FREQUENTLY ASKED QUESTIONS - THE INSPECTOR LYNLEY MYSTERIES

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  1. How did the series come about? Did the BBC approach you and what things did you consider before saying “Yes”?
  2. What creative controls do you have over the series?
  3. Did you have any input on the actors who play Inspector Lynley and Sergeant Havers? Do the actors resemble how you pictured the two as you created them?
  4. Which books has the BBC used to base their shows on and do they follow your plots exactly? How do they break down your lengthy books into 90 minute shows?
  5. Would you ever consider doing an “Alfred Hitchcock” and putting yourself in the series as a walk-on character just for fun?
  6. What is the next book to become a part of the BBC series and when will it come out on television?
  7. Do you have a favorite episode of the Inspector Lynley series?

How did the series come about? Did the BBC approach you and what things did you consider before saying “Yes”?

The Inspector Lynley series came about when the BBC approached me and asked me if I would be willing to sell them the rights to the novels themselves. The BBC was initialing asking for nothing more than the right to make the books into films- rather than to make their own original series using my characters – so I was amenable to the idea. I was excited by the fact that I would be the first American crime writer to have her novels adapted by the BBC, and I was hopeful the series would be picked up by the PBS show, Mystery!, which would make me the second American writer (after Tony Hillerman) to have films of her novels put on that program. My main consideration in accepting the BBC’s offer had to do with what kind of creative input I would have, what kind if control would I have and what kind of television programming I had seen come out of the BBC in the past. Additionally, I had already been approached by two other film companies who had not been able to bring the books to either television or cinema, so I was hopeful that the BBC – with its long track record of turning novels into films – would be able to do what the others had not done.

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What creative controls do you have over the series?

It’s a bit of an odd situation. When the BBC was turning my novels into films, I had what is called the right to “creative consultation.” Essentially what this means is that the film makers would tell me what they intended to do before they began filming. As far as my being able to control anything that was going to happen in front of the camera, I could protest, but that was the extent of what I could do. Once the BBC wanted to use my characters Lynley, Havers, Helen and Nkata in their own series, however, I was in a stronger position to have more control. Thus, my negotiated contract gave me the right of approval over all scripts. In addition to this, all along the BBC has been limited as to what they can do in the personal and professional lives of my characters.

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Did you have any input on the actors who play Inspector Lynley and Sergeant Havers? Do the actors resemble how you pictured the two as you created them?

I had no input at all on the actors who play Inspector Lynley, Sergeant Havers, or any one else who has in the past been featured in the films (Winston Nkata, Malcolm Webberly, David Hiller, Simon St. James, Deborah St. James and Helen Clyde). The decisions are made entirely by the producer of the series. While none of the actors have resembled my vision of the characters in any way, I think Nathaniel Parker (Lynley) and Sharon Small (Havers) have done a fine job in bringing them to life.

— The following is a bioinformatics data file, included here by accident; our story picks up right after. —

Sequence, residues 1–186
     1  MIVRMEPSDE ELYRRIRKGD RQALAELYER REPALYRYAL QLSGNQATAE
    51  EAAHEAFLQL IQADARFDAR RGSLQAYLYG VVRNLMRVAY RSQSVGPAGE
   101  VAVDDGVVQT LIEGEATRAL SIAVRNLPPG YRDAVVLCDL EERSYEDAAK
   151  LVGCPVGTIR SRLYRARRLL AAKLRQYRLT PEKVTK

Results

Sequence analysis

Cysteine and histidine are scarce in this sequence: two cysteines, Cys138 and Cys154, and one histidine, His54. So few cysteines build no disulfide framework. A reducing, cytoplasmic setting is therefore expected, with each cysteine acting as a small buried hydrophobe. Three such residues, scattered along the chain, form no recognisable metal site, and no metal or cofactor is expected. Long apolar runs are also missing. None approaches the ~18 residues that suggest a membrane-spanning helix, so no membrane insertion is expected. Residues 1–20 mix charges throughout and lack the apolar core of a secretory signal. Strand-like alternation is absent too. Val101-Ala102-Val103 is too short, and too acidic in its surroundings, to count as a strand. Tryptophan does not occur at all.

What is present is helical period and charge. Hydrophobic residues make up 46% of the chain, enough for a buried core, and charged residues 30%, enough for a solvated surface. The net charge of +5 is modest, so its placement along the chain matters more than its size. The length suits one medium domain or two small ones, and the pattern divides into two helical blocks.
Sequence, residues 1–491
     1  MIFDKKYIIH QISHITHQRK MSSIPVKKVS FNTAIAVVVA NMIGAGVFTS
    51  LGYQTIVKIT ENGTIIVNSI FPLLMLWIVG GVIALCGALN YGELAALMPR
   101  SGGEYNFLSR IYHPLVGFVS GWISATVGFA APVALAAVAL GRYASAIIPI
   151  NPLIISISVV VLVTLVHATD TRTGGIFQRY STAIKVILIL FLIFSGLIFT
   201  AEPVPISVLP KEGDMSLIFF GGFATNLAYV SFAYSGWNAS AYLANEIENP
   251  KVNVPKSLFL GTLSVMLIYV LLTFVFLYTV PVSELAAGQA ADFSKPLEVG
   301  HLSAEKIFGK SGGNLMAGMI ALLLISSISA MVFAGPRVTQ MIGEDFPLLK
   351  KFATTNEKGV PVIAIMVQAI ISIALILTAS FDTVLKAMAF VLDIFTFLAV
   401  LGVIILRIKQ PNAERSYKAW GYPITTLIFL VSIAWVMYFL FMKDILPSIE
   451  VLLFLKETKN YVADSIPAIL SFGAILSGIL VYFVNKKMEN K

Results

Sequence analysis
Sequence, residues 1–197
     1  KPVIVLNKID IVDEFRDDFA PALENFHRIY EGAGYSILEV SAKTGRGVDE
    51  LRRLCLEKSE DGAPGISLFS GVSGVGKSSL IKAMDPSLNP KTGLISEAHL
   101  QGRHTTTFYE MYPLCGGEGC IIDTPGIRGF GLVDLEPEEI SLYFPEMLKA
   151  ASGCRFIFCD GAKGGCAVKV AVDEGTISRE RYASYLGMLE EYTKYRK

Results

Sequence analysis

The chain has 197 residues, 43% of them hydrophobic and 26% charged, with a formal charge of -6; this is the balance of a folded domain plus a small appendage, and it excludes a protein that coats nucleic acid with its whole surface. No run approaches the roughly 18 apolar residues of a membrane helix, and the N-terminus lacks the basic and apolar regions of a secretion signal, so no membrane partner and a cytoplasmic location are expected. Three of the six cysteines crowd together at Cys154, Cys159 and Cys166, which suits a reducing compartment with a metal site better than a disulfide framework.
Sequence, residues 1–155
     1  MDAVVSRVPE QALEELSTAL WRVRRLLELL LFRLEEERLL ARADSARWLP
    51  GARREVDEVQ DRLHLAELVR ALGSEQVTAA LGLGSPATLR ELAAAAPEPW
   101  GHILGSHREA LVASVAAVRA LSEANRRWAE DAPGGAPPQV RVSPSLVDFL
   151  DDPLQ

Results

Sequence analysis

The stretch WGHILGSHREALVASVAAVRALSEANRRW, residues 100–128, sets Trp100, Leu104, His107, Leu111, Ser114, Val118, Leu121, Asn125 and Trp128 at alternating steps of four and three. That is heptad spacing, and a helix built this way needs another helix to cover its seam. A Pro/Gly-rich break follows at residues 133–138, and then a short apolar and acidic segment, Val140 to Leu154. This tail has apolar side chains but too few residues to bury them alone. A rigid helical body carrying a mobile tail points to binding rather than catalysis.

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Which books has the BBC used to base their shows on and do they follow your plots exactly? How do they break down your lengthy books into 90 minute shows?

The BBC has filmed all of my novels up to With No One As Witness, and with the exception of A Place of Hiding. I think the expense of taking the film crew to Guernsey was what stopped them from filming that book. By concentrating only on the crime itself and eliminating all other subplots, they fit the stories into 90 minutes. In the best of all worlds, I would have preferred that they filmed the entire novel in each case, making each book into a four-part mini-series. Alas, this was not the decision they made.

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Would you ever consider doing an “Alfred Hitchcock” and putting yourself in the series as a walk-on character just for fun?

I think it would be great fun to put myself in the series as a walk-on character, which is exactly what Colin Dexter did in the Inspector Morse series. The problem is that I don’t live in England and I am rarely there when they are actually filming.

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What is the next book to become a part of the BBC series and when will it come out on television?

As far as the books go, the BBC has now filmed all of them. I don’t think they all have been shown anywhere except in the United Kingdom at this point. I know some of them have been shown in the United States and elsewhere, but I don’t know exactly where each country is in the list of books shown.

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Do you have a favorite episode of the Inspector Lynley series?

INo. I think they all have their strengths and they all have their weaknesses. But at the end of the day, I do think the BBC has done a fairly credible job of bringing the books to film.

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